“The French had great difficulties with the Moors along the coast. The pilot of le St. Louis wrote, “The Moors there behave very badly, and we can never land without risking several attacks by this bunch of Moors who are without pity when they can take advantage of us, whom they hate more than the other nations.” Before leg St. Louis left Senegal, a war had broken out in Galam with King Braque and had extended all along the Senegal River.”

See Africans In Colonial Louisiana: The Development of Afro-Creole Culture in the Eighteenth-Century Revised Edition


Iberian Moors migrated into West Africa 1492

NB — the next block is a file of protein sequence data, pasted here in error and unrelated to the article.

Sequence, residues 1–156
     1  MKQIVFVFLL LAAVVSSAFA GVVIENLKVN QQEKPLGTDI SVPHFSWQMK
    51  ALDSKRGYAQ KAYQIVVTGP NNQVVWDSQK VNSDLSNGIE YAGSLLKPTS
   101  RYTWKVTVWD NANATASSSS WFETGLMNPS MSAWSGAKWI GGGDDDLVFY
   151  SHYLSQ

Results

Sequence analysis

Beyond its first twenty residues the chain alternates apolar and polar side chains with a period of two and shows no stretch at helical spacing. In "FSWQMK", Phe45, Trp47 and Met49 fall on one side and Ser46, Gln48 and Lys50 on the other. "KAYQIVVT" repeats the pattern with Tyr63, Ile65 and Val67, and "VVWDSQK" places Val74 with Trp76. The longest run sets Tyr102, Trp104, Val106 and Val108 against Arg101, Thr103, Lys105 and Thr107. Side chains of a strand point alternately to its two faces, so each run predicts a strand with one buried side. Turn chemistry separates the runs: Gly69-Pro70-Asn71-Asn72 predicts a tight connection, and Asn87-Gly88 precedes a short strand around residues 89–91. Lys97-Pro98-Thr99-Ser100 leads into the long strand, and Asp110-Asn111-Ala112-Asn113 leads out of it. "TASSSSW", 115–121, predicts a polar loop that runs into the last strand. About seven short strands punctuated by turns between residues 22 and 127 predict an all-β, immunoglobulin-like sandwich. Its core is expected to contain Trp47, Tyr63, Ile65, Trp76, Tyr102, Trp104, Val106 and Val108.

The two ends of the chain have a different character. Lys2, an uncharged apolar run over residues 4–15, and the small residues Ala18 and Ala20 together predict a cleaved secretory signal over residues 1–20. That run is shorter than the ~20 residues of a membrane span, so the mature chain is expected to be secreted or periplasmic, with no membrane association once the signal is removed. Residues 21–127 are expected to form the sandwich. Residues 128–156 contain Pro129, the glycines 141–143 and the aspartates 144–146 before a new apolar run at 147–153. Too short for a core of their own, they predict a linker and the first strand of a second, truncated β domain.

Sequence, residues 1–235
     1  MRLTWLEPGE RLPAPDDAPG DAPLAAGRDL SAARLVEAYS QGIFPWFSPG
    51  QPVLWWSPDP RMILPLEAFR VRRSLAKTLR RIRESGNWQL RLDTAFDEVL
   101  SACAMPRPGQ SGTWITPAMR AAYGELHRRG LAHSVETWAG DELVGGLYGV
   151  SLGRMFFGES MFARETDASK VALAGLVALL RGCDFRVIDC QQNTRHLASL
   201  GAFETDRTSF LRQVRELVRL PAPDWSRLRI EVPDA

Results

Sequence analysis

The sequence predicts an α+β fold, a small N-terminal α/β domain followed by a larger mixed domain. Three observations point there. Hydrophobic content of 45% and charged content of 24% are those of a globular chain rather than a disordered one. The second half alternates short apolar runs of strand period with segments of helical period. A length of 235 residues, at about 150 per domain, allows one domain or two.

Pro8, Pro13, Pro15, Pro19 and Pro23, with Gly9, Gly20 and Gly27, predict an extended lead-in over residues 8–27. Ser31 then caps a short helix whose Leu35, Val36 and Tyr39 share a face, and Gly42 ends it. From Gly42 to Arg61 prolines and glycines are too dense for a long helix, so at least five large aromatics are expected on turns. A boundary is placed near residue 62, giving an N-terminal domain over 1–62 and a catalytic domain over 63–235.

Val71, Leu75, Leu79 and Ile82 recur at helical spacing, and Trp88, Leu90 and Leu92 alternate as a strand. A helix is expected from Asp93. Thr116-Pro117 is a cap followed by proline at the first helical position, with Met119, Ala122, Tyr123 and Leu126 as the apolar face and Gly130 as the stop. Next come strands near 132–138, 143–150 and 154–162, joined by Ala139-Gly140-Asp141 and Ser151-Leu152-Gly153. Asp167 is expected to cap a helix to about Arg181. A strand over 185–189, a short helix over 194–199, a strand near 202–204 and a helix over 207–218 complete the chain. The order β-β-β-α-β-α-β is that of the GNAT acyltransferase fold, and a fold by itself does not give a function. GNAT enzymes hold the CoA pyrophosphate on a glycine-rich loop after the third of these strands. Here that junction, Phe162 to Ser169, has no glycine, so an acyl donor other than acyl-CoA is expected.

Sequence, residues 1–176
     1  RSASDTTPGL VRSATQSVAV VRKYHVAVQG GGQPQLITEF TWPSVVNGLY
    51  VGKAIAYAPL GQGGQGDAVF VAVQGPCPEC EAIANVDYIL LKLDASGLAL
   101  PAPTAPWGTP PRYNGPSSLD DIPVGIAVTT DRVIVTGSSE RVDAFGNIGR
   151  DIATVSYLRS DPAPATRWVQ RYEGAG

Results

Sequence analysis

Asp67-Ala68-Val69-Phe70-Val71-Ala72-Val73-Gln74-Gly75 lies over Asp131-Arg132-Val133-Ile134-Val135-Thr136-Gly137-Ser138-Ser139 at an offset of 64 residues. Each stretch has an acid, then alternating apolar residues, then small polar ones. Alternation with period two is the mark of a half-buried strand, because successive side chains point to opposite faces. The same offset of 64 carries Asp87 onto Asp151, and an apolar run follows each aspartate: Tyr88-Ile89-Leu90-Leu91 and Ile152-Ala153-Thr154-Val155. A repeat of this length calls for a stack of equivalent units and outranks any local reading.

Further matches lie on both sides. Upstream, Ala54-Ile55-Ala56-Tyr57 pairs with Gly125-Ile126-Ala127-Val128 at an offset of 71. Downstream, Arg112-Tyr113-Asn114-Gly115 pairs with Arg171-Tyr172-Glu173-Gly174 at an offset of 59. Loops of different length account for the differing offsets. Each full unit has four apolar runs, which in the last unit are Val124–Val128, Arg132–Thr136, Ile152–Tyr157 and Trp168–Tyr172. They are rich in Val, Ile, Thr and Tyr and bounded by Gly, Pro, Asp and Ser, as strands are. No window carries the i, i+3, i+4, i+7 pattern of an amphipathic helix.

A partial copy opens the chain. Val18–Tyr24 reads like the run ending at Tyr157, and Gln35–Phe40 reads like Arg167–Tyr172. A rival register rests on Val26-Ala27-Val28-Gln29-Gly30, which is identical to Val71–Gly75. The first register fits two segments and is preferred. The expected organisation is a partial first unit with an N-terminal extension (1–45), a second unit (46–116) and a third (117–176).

Moor, 1) Muslim of North Africa. Although often assumed to be a black race, in fact, the Moors were of Berber and Arab descent, mixed with considerable Negroid and Iberian blood. The word probably derives from Mauri, L. by way of Gr. for ‘dark men.’ Their native lands constituted parts of Morocco, Algeria, and Mauritania. One theory is that the name originally derives from Berber Amazigh, ‘freemen,’ referring to their nomadic existence, and in Greek times came to mean anyone with dark skin. By the Middle Ages the term came to be applied to any Muslims (similarly, all Europeans were called Franks in the Mohammadean world). Since Moors were thought of as being dark skinned, the word was also used generally to apply to blacks, although light-skinned Moors were well known. The word ‘blackamoor’ was also common, which implies a distinction from lighter-skinned Moors.